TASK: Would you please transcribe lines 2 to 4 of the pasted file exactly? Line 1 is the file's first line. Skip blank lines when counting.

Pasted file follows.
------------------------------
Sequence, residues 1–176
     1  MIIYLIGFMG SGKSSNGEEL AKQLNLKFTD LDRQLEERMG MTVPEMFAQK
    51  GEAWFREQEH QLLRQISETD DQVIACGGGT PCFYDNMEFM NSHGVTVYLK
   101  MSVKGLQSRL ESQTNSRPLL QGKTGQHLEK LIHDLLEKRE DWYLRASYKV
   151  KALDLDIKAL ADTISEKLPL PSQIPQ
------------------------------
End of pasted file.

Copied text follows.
     1  MIIYLIGFMG SGKSSNGEEL AKQLNLKFTD LDRQLEERMG MTVPEMFAQK
    51  GEAWFREQEH QLLRQISETD DQVIACGGGT PCFYDNMEFM NSHGVTVYLK
   101  MSVKGLQSRL ESQTNSRPLL QGKTGQHLEK LIHDLLEKRE DWYLRASYKV